Education meets (and means) business

Workforce needs discussed

The conference room of the Webster Parish Library was filled to capacity with business executives Tuesday morning as they engaged in a Workforce Preparedness meeting with parish education leaders.

School Superintendent Johnny Rowland and Northwest Louisiana Technical College director Earl Meador came to the meeting to discuss with business owners how the education system can best supply them with the workforce they need. This meeting comes as part of a collaboration between the business and education sectors arranged by James Graham, Minden’s director of economic development.

Rowland, Meador, and Greg Leong, president of Clement Industries, spoke to the Press-Herald before the meeting to discuss their goals and expectations.

“This process has been underway for some months,” Meador said. “There’s been a lot of things in the background starting this summer with Mr. Rowland and I when we both arrived at our positions, working between the school system and the college to realign what we do. We want to accomplish a very smooth flow from students into the K-12 system, into the college, and into the workforce. This is the next level of that discussion, bringing our businesses together so the work we’re doing fits in with what they need.”

Rowland said he looks forward to the opportunity to learn how the school system can improve the workforce they graduate.

“As superintendent and spokesperson for the school system, we readily accept our role in the entire structure of economic development,” he said. “We know that businesses interested in this area, one of the first thing they ask is ‘Tell us about your school system.’ Businesses want to know, what is that workforce product looking like in Webster Parish? We not only acknowledge that this is real, but we accept the challenge.”

Rowland said the only way to get better as a school system is through collaboration and discussion with businesses.

“We need to hear what businesses are seeing in our kids, what do they need, where are they deficient, what are our strengths, and where can we work together to improve those kids going into the workforce or into the technical college first,” he said.

“We look forward to the discussion that is about to happen and will continue to happen after today. We know we must improve, and that’s our goal.”

Leong said Clement Industries has been in the Minden area for 68 years. Therefore, they are extremely interested in the process of improving the area’s workforce.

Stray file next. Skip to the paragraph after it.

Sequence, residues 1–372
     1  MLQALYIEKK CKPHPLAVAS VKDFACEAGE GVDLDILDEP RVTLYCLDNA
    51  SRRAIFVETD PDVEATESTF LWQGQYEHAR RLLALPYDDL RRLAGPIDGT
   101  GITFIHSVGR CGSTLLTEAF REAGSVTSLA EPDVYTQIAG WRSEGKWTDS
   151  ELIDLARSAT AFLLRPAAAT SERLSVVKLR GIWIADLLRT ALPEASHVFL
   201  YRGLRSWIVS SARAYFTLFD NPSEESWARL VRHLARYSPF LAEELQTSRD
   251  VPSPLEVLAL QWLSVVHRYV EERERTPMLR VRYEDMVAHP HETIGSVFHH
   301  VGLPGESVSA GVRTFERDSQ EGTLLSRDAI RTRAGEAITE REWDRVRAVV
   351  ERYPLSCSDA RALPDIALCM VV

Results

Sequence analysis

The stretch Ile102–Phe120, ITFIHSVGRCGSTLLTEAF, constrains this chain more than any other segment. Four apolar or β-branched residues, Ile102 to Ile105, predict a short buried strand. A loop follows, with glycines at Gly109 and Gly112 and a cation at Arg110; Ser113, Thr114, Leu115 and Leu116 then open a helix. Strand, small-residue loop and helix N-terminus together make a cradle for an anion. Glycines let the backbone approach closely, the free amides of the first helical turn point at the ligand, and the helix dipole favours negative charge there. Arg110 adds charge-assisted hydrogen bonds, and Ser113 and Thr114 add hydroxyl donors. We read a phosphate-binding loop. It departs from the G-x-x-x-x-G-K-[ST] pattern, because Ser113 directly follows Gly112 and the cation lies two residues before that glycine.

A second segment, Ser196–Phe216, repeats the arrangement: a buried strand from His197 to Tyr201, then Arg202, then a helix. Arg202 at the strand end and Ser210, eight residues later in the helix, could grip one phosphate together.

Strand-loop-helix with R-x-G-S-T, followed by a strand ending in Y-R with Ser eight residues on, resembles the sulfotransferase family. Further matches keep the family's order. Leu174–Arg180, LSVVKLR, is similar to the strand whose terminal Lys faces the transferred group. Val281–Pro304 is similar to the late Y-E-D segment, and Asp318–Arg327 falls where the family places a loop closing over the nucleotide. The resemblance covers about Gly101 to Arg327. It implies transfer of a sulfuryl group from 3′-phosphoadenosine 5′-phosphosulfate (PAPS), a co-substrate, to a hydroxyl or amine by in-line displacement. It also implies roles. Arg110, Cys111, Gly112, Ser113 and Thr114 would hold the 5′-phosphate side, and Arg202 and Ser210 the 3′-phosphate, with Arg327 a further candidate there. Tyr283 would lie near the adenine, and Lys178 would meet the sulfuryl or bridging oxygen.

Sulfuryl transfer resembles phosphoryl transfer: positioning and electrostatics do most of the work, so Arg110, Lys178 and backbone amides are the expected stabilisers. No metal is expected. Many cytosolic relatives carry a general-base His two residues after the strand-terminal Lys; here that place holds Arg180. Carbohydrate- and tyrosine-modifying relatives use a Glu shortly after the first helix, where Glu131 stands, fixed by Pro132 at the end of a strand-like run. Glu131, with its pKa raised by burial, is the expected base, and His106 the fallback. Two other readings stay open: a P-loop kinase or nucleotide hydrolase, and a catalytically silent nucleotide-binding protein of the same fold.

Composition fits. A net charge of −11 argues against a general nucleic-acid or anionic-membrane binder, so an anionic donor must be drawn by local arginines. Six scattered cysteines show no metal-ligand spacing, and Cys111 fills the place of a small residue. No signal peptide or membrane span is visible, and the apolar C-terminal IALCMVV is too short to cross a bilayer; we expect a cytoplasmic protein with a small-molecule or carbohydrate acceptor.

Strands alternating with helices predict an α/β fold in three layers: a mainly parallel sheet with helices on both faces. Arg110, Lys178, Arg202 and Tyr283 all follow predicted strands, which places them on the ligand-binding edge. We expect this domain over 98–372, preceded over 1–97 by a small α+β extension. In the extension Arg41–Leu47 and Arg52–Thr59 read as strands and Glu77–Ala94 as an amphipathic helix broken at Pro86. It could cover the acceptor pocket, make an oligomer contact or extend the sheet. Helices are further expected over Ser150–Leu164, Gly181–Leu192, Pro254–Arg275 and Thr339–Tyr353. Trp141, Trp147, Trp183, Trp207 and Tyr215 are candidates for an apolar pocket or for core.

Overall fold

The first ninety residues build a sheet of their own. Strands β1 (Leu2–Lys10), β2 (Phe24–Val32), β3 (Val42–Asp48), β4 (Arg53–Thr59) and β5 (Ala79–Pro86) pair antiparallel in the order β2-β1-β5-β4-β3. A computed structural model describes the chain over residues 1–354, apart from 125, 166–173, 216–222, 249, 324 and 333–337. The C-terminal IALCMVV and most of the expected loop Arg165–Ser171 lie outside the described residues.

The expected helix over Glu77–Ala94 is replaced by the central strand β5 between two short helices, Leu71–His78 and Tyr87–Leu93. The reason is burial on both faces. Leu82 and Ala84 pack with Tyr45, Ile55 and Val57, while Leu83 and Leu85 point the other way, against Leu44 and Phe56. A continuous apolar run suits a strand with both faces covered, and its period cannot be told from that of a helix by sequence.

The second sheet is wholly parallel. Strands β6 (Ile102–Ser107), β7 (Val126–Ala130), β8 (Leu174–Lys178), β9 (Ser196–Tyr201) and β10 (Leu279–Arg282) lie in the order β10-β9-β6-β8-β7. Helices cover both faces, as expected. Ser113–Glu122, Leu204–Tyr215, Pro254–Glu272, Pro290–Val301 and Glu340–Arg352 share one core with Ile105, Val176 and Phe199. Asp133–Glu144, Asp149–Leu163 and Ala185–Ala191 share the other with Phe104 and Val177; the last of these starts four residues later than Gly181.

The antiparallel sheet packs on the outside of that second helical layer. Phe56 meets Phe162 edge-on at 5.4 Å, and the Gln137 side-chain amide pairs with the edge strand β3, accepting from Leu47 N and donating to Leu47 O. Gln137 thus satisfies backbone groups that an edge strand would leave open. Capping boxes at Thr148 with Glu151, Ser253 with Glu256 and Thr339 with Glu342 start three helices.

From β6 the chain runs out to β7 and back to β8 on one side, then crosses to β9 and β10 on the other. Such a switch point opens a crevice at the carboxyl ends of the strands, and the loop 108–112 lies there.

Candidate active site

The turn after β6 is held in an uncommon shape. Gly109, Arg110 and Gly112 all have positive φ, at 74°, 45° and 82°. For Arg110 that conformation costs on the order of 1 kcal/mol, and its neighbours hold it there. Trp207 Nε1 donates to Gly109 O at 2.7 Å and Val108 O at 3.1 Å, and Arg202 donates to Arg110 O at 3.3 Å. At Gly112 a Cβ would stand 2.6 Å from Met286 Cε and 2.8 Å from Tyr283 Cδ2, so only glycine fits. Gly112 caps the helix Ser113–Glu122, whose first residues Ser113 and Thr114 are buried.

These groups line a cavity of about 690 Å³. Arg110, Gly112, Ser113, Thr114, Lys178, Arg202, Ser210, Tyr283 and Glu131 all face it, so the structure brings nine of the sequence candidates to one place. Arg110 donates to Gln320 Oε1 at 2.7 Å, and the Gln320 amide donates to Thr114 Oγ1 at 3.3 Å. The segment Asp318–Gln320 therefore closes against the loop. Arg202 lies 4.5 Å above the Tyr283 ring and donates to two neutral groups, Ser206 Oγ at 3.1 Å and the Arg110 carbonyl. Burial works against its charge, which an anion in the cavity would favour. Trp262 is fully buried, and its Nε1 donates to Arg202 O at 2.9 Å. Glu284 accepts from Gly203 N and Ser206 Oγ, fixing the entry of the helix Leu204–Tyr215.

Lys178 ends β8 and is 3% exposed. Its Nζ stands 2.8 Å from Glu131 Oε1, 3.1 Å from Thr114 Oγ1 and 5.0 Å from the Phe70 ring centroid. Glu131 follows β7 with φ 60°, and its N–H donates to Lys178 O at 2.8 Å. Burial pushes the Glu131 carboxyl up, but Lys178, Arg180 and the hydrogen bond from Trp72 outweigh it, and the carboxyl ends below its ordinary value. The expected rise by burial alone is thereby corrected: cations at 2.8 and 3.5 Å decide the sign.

“I’m excited for the collaboration between the schools that are developing the workforce and the businesses that are here or may come here,” he said. “Any good businessman will tell you that any company is only as good as the workforce they have. If we’re going to keep the leading position we have in our industry, we have to have a continually improving workforce.”

The group discussed the constantly changing modern environment and how it affects education and the workforce. Meador said neither sector can afford to remain stagnant.

“As the world changes, businesses must be ready on a moment’s notice to adjust their business model,” he said. “We as educators must be ready to do the same.”

The group highlighted several areas in which the workforce could improve and discussed ways educators and businesses could bring about that improvement. Among those areas was the teaching of soft skills such as interpersonal communication, hygiene, and punctuality.

“Normally, soft skills for us in generations past is not something we thought of teaching,” Meador said. “They picked that up at home. The family dynamic of America has changed. Students that come to us have very different soft skill sets. Everything we do now is starting to incorporate soft skills, from our orientation to our new curriculum we’re working on incorporating, which we’ll be talking about today.”

Leong mentioned another area of improvement for the workforce: awareness of the various education pathways and their merits.

“I’m glad we have high schools and technical schools here in the area,” he said. “People have this perception that everyone needs to go get a bachelor’s degree to be considered successful. The reality is there are growing, great jobs in this country for high school graduates and technical school graduates. I think we’ve done a disservice to students by not letting them know that there are great skilled trades that we need in this country for businesses to flourish, and they’re good jobs.”
An increase in financial literacy in the workforce was another pressing need the group addressed.

“We offer financial math courses in the Jump Start Pathway, which includes many of the kids who will go the technical route,” Rowland said. “I want to hear from the business community about curriculum. There are certain things we have to include in the curriculum because the state says we have to do it, but wherever we can interject something that we’re deficient in, I want to do it.”

Rowland emphasized the need to make the young workforce aware that success can be found without leaving the area.

“We need to tell the kids what’s available to them right here in Webster Parish, in Minden,” he said. “You can have these jobs and have a great salary very soon if you do what you’re supposed to do. Right here. You want that shiny truck? Get a job here and work for it.”

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